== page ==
Race to Self Determination

by Colin Fergus

Unfortunate is how I would describe the question “Is multicolour Montserrat better than monochrome Montserrat?” posted on the HM Governor’s Office in Montserrat Facebook page. Unfortunate because of the socio-political environment in which it was posted. Unfortunate because it misses the cause of the tension. This question may have been more reasonable in this racially charged environment, such as we have now, if the issues of the day were simply about, out and out racism. What we have is much more nuanced than a simple question of colour. There is the question of the right to self-determination which is underlying the issue here as well.

For sure, racism particularly of the institutional variety exists in Montserrat, normally does not affect us in a way that matters to the citizenry of the island. However, in recent times it has reared its ugly head and has been stoked up in the political discourse. Should racism in Montserrat be tackled? Absolutely! However, it is not the root of the issue in Montserrat today.

There has been much discussion on the recruitment of a new Financial Secretary, the role of Technical Cooperation Officers, the relationship of the Montserrat and United Kingdom governments all against the backdrop of the budget and economic activity and performance. Allegations of corruption along with poor governance arrangements have also tinted the canvas. Not surprisingly, the role of the Governor has come into question as well. These are all contributing factors each requiring exploration on their own.

Writing back in 2003 about Montserrat and the Cayman Islands, Sir Howard Fergus penned the following:

While the citizens of these territories generally desire some devolution of the Governor’s authority on to the elected government (rather more so in Montserrat) consonant with greater democratisation, they are also conscious of the need for checks and balances on the government. It may not be an exaggeration to say that the relative disinterest in independence stems partly from lack of trust in local politicians, which can also be interpreted as a lack of self-confidence. The irony is that this attitude feeds the self-same colonialism which may have fostered the self-doubt in the first place. There is thus an ambivalence about constitutional modernisation in the BOTs in the region.

There is a number of instances where citizens are demanding that the Governor go beyond mere consultation of the CM and involve him more directly as a partner in governance. This would be an increment in greater local autonomy.

One needs to emphasise that constitutional modernisation goes beyond a reduction of the authority of the Governor. It also is about the promulgation of fundamental rights and popular participation in governance.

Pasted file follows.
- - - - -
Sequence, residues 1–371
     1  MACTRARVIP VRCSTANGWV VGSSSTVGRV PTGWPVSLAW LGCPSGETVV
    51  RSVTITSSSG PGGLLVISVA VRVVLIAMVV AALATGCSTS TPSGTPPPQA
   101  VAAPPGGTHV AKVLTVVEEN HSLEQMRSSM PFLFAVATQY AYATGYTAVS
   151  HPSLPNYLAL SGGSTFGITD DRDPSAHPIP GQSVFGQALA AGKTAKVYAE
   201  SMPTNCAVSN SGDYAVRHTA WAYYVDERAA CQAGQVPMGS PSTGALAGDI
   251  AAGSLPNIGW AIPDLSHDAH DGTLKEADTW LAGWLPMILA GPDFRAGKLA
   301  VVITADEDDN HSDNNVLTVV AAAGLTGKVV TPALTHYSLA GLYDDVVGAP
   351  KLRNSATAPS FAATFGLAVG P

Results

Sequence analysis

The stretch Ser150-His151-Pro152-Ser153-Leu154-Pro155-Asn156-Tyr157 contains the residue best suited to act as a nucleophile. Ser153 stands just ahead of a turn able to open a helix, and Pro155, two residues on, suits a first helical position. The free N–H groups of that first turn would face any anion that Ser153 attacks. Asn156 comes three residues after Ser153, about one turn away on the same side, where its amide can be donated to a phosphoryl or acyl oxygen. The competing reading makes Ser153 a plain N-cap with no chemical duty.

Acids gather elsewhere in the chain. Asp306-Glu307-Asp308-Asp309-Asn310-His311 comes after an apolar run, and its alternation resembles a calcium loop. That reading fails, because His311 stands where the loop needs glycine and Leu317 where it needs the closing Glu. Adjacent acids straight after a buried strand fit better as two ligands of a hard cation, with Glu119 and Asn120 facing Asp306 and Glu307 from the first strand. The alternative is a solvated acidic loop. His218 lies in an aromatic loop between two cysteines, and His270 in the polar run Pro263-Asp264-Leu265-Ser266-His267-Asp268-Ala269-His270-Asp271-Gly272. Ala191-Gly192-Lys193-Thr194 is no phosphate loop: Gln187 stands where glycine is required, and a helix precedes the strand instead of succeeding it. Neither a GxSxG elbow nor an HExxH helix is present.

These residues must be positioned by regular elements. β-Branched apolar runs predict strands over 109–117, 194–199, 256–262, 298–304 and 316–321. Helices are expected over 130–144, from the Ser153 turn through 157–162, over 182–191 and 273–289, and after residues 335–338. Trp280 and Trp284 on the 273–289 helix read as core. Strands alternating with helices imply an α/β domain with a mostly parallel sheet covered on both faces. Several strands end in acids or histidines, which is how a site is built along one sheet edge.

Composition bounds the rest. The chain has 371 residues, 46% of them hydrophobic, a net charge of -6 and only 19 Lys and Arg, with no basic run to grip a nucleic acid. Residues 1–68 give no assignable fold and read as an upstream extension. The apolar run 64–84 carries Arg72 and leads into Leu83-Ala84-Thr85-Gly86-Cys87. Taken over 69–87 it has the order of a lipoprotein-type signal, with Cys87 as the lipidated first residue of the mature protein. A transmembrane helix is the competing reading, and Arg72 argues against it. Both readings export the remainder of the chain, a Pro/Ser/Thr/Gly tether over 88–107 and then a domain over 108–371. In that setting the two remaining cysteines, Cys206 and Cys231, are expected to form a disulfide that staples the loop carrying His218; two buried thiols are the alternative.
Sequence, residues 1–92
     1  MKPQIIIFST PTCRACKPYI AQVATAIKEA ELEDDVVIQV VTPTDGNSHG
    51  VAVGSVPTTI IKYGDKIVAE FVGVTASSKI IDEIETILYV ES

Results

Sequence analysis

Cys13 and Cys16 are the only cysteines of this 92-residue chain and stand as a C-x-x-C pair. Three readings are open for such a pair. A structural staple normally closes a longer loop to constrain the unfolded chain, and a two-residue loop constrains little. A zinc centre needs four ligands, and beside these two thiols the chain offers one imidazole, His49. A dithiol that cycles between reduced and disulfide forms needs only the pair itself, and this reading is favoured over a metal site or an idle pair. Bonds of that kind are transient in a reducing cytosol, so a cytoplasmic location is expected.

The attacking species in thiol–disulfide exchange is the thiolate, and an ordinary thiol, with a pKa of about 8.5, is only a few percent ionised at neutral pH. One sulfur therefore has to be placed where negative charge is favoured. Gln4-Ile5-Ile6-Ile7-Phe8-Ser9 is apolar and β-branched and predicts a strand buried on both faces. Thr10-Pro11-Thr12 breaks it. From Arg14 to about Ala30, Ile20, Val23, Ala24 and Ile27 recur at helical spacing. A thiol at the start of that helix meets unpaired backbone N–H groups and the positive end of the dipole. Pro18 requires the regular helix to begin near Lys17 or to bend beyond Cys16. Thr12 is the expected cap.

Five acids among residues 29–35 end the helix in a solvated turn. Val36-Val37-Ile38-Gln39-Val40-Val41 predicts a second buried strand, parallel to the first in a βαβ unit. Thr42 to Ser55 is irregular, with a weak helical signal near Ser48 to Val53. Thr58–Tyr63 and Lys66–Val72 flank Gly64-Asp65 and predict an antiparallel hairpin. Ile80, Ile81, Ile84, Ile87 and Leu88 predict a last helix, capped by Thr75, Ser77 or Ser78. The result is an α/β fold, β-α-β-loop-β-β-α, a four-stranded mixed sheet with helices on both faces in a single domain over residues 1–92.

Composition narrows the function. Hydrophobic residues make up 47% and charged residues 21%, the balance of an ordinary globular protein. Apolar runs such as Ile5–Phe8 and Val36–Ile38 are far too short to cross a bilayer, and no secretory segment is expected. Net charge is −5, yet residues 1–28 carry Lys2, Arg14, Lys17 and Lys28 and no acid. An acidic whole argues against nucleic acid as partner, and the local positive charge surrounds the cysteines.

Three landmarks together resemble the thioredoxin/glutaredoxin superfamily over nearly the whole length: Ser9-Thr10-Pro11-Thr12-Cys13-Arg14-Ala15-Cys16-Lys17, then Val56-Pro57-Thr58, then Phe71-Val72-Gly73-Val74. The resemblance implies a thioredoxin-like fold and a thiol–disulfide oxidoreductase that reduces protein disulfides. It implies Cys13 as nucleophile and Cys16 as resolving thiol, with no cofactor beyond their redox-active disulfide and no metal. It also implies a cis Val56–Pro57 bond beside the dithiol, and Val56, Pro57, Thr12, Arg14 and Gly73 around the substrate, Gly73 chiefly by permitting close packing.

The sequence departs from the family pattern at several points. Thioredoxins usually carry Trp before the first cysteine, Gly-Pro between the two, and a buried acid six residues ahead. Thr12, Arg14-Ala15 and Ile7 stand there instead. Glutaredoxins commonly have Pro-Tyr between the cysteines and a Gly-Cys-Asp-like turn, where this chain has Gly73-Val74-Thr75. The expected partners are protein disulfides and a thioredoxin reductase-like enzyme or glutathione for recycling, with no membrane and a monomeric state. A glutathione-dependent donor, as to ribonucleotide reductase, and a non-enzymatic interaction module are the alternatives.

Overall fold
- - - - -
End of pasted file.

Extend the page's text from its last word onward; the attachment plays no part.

When we come to internalise the aspiration of our Territorial Song where it speaks of being, “Triumphant masters of our fate” or the Preamble to the Montserrat Constitution Order 2010,

Whereas the people of Montserrat are entitled to preserve for themselves and future generations the fundamental rights and freedoms to which they are entitled by virtue of their inherent dignity as persons and as citizens of a free and democratic society;

Believing in the concept of true democracy with free and fair elections;

Acknowledging that their society is founded on social justice, moral and spiritual principles, democratic values and respect for fundamental human rights and the equitable distribution of resources, the rule of law and the supremacy of God;

Recalling their desire for a Constitution which reflects these values and their aspirations for social justice, economic empowerment and political advancement;

Recognising their inherent right to pursue their hopes, visions, aspirations and their right to self determination;

We may then be on our way to looking pass the business of who we like or not, who did us wrong and realising that it is together we rise or fall.

It is for us as a people to insist that the application of powers granted by laws and constitutional provisions be considered in the light of the United Kingdom Parliaments Statutory Instrument 2010 No. 2474 Caribbean and North Atlantic Territories, The Montserrat Constitution Order 2010, Section 2. “Whereas the realisation of the right to self-determination must be promoted and respected in conformity with the provisions of the Charter of the United Nations; …” Until then we will remain an enslaved and colonised people mentally, socially and economically. We must cast off self-doubt and become “A people striving under God, Their spirits free forevermore.”

So, where we are now, is not about colour (race), it is about our aspirations as a people. We’ve come a long way since, The Most Excellent William Henry Bramble, ONH, called on to us saying, “Listen to me, you landless people, you people, the industrial machinery of this country, arise, and throw off the yoke that binds you like slaves to the Wade Plantation.” Yet, we seem today to be more bound to the plantation than back then.


Recommended Reading

Constitutional Modernisation in Montserrat and the Cayman Islands: Taking the British Seriously? Howard A. Fergus

Factors Which Should Be Taken into Account in Deciding Whether a Territory Is or Is Not a Territory Whose People Not Yet Attained a Full Measure of Self-Government Resolution 742 (VIII)

Declaration on the Granting of Independence to Colonial Countries and Peoples
General Assembly Resolution 1514 (XV)

General Assembly Resolution defining the three options for self-determination
General Assembly Resolution 1541 (XV)

Declaration on Principles of international Law concerning Friendly Relations and Co-operation among States in accordance with the Charter of the United Nations Resolution 2625 (XXV)

Montserrat Constitution Order 2010 (SI 2010 No 2474)